Daddy: I like the opening sequence, too, because she does that part so well.  And the guy, he pranks her, too, just randomly decides to teach her a lesson.  And that intrigues her.  Most people would be like, “Who is this weird dude, and why did he do this just randomly?”

Mommy:  I think at first she wants revenge, to screw with him, too, but it’s obviously a kind of flirting.  It’s interesting, too, that she doesn’t know what she’s doing, but she opens the cage, anyway, and lets the bird out.  So is that symbolic?  Does she start everything?

Penelope: I have something smart to say.  The beginning means the end.  Once the beginning starts, the end comes faster and faster.  Once something starts, something will have to end quicker and quicker.

Mommy:  This sounds similar to what you said about Psycho.

Penelope: No, it’s not the same.  Here, this is more of a modern view of it.  If a new toy comes out or something, then as it gets popular and popular, another toy will not be as popular, and then it will go out of business.  Here’s another example.  If there’s a predator animal…if a tiger comes and brings other tigers with it, then some of its prey die out or go extinct.

Mommy: So the beginning of one thing is the end of another.  So how does that apply to The Birds?

Penelope:  The birds are beginning to attack.  In this case, it’s not ending all things. 

Daddy: I think she means the start of the birds’ attack brings it closer to an ending.  I think what she means is, by the action of the birds starting an attack, that it started at all, initially there’s a violence that’s going to fade.  Almost like the birds themselves are following some popularity trend.  For the birds, the attack becomes to them the thing to do, and once they’ve done it, it doesn’t have the same impact to them, like the diminishing law of marginal utility.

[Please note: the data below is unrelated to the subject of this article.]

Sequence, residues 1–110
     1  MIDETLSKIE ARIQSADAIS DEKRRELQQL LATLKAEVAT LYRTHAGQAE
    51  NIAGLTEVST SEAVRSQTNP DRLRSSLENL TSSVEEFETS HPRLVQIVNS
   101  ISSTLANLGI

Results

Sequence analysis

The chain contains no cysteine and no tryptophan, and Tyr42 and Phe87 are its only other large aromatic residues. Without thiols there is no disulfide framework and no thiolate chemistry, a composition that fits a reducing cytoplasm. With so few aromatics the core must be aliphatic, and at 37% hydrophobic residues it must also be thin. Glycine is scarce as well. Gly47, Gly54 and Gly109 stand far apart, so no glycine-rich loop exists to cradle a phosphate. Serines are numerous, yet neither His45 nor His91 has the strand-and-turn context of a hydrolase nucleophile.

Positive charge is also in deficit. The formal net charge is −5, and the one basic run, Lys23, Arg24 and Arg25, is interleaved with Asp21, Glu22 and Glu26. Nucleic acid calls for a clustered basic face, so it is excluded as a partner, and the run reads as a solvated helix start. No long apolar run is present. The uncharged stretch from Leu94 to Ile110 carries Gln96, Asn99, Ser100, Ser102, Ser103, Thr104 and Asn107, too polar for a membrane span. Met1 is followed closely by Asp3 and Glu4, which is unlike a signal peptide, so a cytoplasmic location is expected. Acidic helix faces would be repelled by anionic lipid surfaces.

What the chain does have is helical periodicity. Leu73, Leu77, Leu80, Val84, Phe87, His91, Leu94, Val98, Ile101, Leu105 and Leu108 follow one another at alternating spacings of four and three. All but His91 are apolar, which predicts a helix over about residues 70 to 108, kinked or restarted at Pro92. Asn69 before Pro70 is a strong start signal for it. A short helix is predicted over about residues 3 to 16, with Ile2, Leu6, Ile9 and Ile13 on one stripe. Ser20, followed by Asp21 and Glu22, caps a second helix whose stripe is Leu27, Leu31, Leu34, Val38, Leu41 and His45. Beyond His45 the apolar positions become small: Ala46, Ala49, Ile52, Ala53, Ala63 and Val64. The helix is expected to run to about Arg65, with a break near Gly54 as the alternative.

Mommy: Do you mean that once things aren’t normal anymore, they’re just going to get crazier and crazier until they reset to normal?

Penelope: The humans were there before the birds attacked.  And then the birds started attacking.  And over time, they went from like 0 to 100 and back to 0.  [She explains a lot more.]

Mommy: So you’re saying that everything that begins is heading toward its own end?  So in other words, the people don’t need to do anything.  Eventually it will just stop.  Nature will keep itself in check.  With that in mind, let me ask you, why do you think the birds came?  Was it to keep something people were doing in check?  You mean it’s like a fire?  Once it starts, it burns, and burns, and burns brightest, and then burns itself out?  So it seems like you’re comparing the birds to other natural phenomena, like once it happens, it’s happening?

Daddy: I was thinking like a volcano.

Penelope: This is a little different from what I was originally saying.  Maybe the birds were there before the humans, and now the birds are trying to get back what they had before.

Mommy: That’s the big unanswered question of the movie.  Why are the birds there?  It’s probably because they’re more interesting than plants as we all learned from M. Night Shyamalan.

Why I Liked It:

Penelope: Because of the element of you don’t know, the suspense.  It just keeps building more and more, but at the end, it just goes down, and you still don’t know.

Daddy: I like the aspect that it mimics real life in a lot of ways.  Things happen, and you don’t know why.  Things happen, and then they’re done, and you may never know why it happened.  I also like the characters.  I also like the relationship between Tippi Hedren’s character and Annie.  I like her.  Also another subplot is his mom doesn’t approve of anyone, doesn’t want to be left alone.  Then Tippi Hedren comes and wants to help.  Then the mom returns that help after the attack, all the birds in her face, probably an actual scene, probably he just filmed it.